I write to you after having spent probably 36 of the past 48 hours in bed, trying to sleep off this ghastly fever and headache I woke up with as of yesterday morning.
Of those 12 awake hours, most of it was spent finishing Atul Gawande’s “Complications” while curled up under the covers (and feeling grateful that at least I don’t have a lethal flesh-eating disease), or watching Season 7 episodes of Friends.
Once the heavy tiredness lifted enough for me to feel well enough to get changed and face the world, I immediately seized the chance (before it passed) to venture out to the coffeeshop two streets down from my house.
I croaked out an order for a coffee (whoa I can still make sounds with my throat!) and settled into a sun-streaked window-seat, from which I now write.
For someone who thrives on a full schedule, this weekend came like a rude, halting brake (what do you mean I can’t just get out of bed and accomplish the things I have set out to do?)
For the first time in a long time, I was forced to stop my doing, clear out my schedule and climb back into bed with ginger honey tea.
I was supposed to lead worship today; I couldn’t even make it to service, much less sing or lead.
You know, sometimes we can trick ourselves to believe that we are the ones in control.
Then, out of nowhere, we wind up in bed sick, brought to the humbling reality that we don’t have as much control as we thought we had.
We are, but mortal.
Reading “Unseen” by Sara Hagerty this morning, she describes her initial resentment towards “unproductive Sabbaths”:
It sounds like bliss, but around 2:00p.m. every Saturday, that same dreaded feeling creeps into my chest. The respite of unplanned hours wears off, and I move into the empty space of the afternoon.
I start to wonder, who am I with all this time and nothing accomplished with it? Who am I without my accomplishments? Who am I without my to-do list?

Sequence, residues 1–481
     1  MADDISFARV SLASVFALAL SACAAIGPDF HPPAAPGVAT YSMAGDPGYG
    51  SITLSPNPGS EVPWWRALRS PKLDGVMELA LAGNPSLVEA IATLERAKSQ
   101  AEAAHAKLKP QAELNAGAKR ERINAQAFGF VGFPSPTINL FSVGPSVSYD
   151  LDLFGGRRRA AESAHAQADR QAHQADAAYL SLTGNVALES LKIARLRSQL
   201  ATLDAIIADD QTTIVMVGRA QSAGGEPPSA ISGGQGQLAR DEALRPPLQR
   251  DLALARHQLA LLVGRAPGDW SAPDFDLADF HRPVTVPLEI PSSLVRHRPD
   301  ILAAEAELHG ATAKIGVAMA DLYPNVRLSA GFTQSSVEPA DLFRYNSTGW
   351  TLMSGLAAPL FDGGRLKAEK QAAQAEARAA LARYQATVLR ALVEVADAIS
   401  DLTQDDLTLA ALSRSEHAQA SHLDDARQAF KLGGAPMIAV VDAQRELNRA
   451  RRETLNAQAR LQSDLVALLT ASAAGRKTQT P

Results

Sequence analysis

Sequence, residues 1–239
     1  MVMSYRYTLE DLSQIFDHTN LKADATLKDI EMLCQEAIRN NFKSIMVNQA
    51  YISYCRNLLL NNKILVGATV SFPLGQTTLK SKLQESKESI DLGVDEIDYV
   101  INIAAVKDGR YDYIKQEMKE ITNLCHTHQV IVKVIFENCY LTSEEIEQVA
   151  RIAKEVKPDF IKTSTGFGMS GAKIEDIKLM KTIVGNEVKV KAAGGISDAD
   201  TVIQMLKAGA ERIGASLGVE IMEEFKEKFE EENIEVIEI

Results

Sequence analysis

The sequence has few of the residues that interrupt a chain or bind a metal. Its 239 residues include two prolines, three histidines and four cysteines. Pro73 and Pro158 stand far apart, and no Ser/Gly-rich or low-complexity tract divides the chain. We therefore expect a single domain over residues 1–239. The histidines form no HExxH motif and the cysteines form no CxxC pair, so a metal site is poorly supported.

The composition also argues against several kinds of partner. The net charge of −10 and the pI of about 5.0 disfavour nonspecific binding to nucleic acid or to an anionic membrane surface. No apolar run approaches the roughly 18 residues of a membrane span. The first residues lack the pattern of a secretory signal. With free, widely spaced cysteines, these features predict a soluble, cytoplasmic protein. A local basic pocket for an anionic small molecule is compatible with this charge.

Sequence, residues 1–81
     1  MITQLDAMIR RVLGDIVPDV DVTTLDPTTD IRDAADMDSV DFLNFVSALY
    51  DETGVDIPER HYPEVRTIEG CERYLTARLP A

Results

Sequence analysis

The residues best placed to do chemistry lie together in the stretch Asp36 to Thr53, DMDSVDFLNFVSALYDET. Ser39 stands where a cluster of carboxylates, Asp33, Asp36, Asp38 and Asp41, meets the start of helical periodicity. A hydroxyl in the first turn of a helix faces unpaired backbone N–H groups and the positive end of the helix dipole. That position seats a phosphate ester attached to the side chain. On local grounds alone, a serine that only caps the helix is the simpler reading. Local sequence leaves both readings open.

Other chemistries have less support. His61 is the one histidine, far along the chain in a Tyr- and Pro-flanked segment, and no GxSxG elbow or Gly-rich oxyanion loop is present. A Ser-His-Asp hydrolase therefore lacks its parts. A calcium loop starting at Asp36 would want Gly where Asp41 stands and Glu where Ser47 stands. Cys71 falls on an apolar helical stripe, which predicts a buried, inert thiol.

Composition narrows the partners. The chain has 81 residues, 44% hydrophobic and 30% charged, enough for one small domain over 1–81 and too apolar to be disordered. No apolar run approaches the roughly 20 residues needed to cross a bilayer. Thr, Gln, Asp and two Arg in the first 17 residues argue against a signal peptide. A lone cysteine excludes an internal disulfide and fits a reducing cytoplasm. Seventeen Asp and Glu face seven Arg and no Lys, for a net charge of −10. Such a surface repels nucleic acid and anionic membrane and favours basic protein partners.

But the empty feeling that persisted on the days when life unproductively ‘stopped’ made me vulnerable and eventually opened a new side of me to God, the side that was safely inviting me to do more than just obey, but to surrender.
Now I say, “Saturdays are when life happens in our home.”
Saturdays are when I am less busy, more weak.
Less accomplished, more present.
Saturdays are when I fall a little more in love with God.
Saturdays are a step toward a deeper surrender.
Less busy, more weak. Less accomplished, more present.
I’ve been thinking a lot lately about the Incarnation. Why it’s not just true that God became man in the person of Jesus, but why it matters to my faith, the way I relate to God, the way I interact with people, the way I view the world.
In one of the Youtube videos my Muslim friend sent me entitled “The Bible says Jesus is not God”, it argues that Jesus was hungry (Mark 11:12), and tired (John 4:6), but because God does not lack in anything, Jesus cannot be God.
And it is extremely counter-intuitive: that an all-powerful God could, or would, become weak.
Fundamentally, I think the tension arises from our understanding of weakness as bad and undesired. And that as the source of all strength and goodness, God should not show any sign of weakness.
But, that is exactly what we find in the Christian tradition.
God willingly takes on weakness….emptied Himself, taking the form of a bond-servant, and being made in the likeness of men.
In mystery that escapes me, weakness is God’s choice to communicate Himself to the world.
And from that weakness, power is birthed.
For indeed He was crucified because of weakness, yet He lives because of the power of God. For we also are weak in Him, yet we shall live with Him because of the power of God directed toward you.
2 Corinthians 13:4
So, the Incarnation reminds me that weakness is not to be shunned, but embraced.
Weakness is God’s choice of means to humble and transform me.
I still don’t like being stuck in bed.
And I’d better be well by tomorrow, because I have to collect enough results to cobble together a poster to bring to the conference I’m attending in a week.
Although ironically, the only thing I can do to ensure that happens is drink more ginger honey tea and sleep (can you ever sleep too much??).
But, my prayer is that in the white space, in the dead time, in the unproductivity, I am being slowly, painstakingly transformed. As I learn a deeper way of rest and surrender.
As I begin to know Him, not just in the power of His resurrection but also in the fellowship of His sufferings, and weakness.
When do you feel the weakest? How do you feel during those times of weakness? Resentful? Frustrated?
What does a deeper rest and surrender during times of weakness look like for you?
Do you like ginger honey tea? 😀
Now, for what I’m listening to this morning: an acoustic Bethel worship set from Jan of this year 🙂 Enjoy!